Anheuser-Busch Sets Long-Term Sights On China

Anheuser-Busch expects to capitalize on a Chinese market that is growing more sophisticated in its tastes and stronger in its purchasing power as the brewer continues to expand distribution in Asia with a focus on its Budweiser brand.

CFO Randy Baker told investors yesterday the company will invest over the next two years to expand its "geographic footprint" in China as part of a long-term expansion strategy, but entirely within its operating budget.

Global brewers such as A-B, Carlsberg and SABMiller are eager to grow market share in the world's biggest market as demand slows in the U.S. and Europe. Carlsberg forecasts about 80 percent of global market growth in beer sales by 2010 will come from Asia, with China being the biggest driver. It plans to invest as much as $880 million in Asia in the next three years and is seeking acquisitions in eastern China to help it narrow the gap with A-B and SABMiller.

Baker said A-B will go up against other brewers in image, quality of product, and packaging. A-B will focus on the super premium category with its Budweiser brand. In China, where 87 percent of beer is sold at a very low profit, A-B is still optimistic. "If local beer is selling at a quarter," Baker said, "a domestic premium beer would be selling at, say, 50 cents. There you start having reasonably good profit margins."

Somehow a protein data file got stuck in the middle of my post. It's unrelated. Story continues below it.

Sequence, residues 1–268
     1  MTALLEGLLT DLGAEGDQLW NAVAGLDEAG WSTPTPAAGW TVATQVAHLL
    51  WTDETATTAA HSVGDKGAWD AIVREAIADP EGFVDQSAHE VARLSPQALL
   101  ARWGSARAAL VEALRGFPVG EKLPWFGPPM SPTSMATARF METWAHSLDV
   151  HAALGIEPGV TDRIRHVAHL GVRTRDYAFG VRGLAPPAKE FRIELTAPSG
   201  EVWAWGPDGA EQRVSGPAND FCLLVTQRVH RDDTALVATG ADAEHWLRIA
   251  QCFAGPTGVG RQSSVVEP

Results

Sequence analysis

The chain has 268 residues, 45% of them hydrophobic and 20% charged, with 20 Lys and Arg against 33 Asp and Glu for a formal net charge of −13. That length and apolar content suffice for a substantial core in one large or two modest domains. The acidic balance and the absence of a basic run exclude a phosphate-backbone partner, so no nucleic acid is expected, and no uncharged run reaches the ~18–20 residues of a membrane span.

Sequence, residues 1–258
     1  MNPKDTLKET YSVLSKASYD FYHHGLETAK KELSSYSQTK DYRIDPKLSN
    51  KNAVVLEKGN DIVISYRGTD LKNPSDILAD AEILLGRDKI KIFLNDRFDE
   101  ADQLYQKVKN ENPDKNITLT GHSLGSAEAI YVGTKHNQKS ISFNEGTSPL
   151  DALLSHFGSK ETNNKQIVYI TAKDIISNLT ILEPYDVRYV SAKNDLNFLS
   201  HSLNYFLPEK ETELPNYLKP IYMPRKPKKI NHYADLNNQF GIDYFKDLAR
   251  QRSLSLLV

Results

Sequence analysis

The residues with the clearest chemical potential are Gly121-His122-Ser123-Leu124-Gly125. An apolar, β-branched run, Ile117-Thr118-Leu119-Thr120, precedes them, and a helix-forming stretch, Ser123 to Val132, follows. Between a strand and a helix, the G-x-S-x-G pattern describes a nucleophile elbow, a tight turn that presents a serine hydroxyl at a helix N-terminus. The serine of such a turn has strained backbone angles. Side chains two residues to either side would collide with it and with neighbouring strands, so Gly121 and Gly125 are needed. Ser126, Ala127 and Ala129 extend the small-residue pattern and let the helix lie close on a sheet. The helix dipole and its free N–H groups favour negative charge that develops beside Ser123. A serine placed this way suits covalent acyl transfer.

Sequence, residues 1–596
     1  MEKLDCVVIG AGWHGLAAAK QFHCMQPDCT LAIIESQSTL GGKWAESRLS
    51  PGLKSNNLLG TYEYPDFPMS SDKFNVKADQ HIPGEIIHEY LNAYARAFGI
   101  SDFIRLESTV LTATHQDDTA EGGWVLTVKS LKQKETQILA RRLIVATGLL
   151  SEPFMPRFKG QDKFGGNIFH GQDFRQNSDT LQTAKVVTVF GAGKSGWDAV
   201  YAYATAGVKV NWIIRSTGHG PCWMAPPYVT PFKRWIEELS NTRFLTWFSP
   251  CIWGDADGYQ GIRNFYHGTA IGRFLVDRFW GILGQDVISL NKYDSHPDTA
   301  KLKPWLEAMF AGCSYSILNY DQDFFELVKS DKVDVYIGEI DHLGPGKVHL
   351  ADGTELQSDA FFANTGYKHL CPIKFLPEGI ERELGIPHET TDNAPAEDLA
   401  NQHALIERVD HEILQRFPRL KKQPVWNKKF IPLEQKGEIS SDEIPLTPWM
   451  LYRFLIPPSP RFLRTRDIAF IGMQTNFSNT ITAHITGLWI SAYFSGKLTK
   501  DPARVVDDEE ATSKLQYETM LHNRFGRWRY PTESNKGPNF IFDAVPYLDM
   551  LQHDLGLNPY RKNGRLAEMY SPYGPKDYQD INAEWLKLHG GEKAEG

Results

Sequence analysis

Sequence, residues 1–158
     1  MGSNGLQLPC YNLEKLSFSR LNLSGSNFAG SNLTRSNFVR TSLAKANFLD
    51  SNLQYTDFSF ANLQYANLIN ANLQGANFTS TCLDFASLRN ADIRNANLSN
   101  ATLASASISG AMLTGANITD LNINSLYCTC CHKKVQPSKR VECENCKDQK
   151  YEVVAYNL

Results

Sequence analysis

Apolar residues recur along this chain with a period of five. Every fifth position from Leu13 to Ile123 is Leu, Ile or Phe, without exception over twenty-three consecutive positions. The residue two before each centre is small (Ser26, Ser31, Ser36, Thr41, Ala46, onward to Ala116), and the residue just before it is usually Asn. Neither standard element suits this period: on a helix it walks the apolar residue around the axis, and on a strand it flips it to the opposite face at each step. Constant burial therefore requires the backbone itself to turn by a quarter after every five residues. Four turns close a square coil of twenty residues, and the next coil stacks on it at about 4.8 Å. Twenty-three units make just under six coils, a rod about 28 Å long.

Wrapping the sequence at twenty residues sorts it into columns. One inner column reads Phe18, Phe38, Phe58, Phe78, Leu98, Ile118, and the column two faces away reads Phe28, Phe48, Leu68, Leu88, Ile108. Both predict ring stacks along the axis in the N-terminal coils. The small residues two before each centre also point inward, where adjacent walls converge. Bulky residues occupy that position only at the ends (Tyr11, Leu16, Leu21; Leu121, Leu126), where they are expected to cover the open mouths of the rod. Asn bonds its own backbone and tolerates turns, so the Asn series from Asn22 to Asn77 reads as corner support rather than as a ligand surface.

Anheuser-Busch is also expanding its Harbin premium brands outside their traditional territory in China, and is looking to grow through a strategic alliance with Tsing Tao, in which it owns 29 percent.

The Chinese beer market is huge. Eric Shepard, executive editor of "Beer Marketer's Insights," said in 2005 the volume of beer sold in China was 256 million barrels, compared to 206 million barrels in the U.S. "It's just not as consolidated as it is here," he said of the market. A-B has 50 percent of U.S. market share, while in the more fragmented China, the largest market share held by any brewer is 15 percent.

Ten years ago, brewers rushed into a new China. "Some pulled out and then returned," Shepard said. It is hard to make money in China, because beer sells so cheaply, but it continues to be the largest-volume market in the world and is growing quickly. "You want to be positioning yourself there for long-term play," he said.

Meanwhile, A-B this week lost a copyright battle with Czech brewer Budejovicky Budvar, which entered China in 1997. The High People's Court in Beijing ruled that the Czech brewer may remain in the Chinese beer market, thereby safeguarding the company's position there. A-B had objected to the Czech company's trademark, saying the name was too similar to Budweiser.

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